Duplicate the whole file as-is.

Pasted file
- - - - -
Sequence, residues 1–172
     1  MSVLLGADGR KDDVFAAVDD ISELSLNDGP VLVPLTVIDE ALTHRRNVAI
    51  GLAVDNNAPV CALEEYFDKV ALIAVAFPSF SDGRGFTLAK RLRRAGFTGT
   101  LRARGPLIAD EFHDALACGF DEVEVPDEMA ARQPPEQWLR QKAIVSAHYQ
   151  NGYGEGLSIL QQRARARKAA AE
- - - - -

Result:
Sequence, residues 1–172
     1  MSVLLGADGR KDDVFAAVDD ISELSLNDGP VLVPLTVIDE ALTHRRNVAI
    51  GLAVDNNAPV CALEEYFDKV ALIAVAFPSF SDGRGFTLAK RLRRAGFTGT
   101  LRARGPLIAD EFHDALACGF DEVEVPDEMA ARQPPEQWLR QKAIVSAHYQ
   151  NGYGEGLSIL QQRARARKAA AE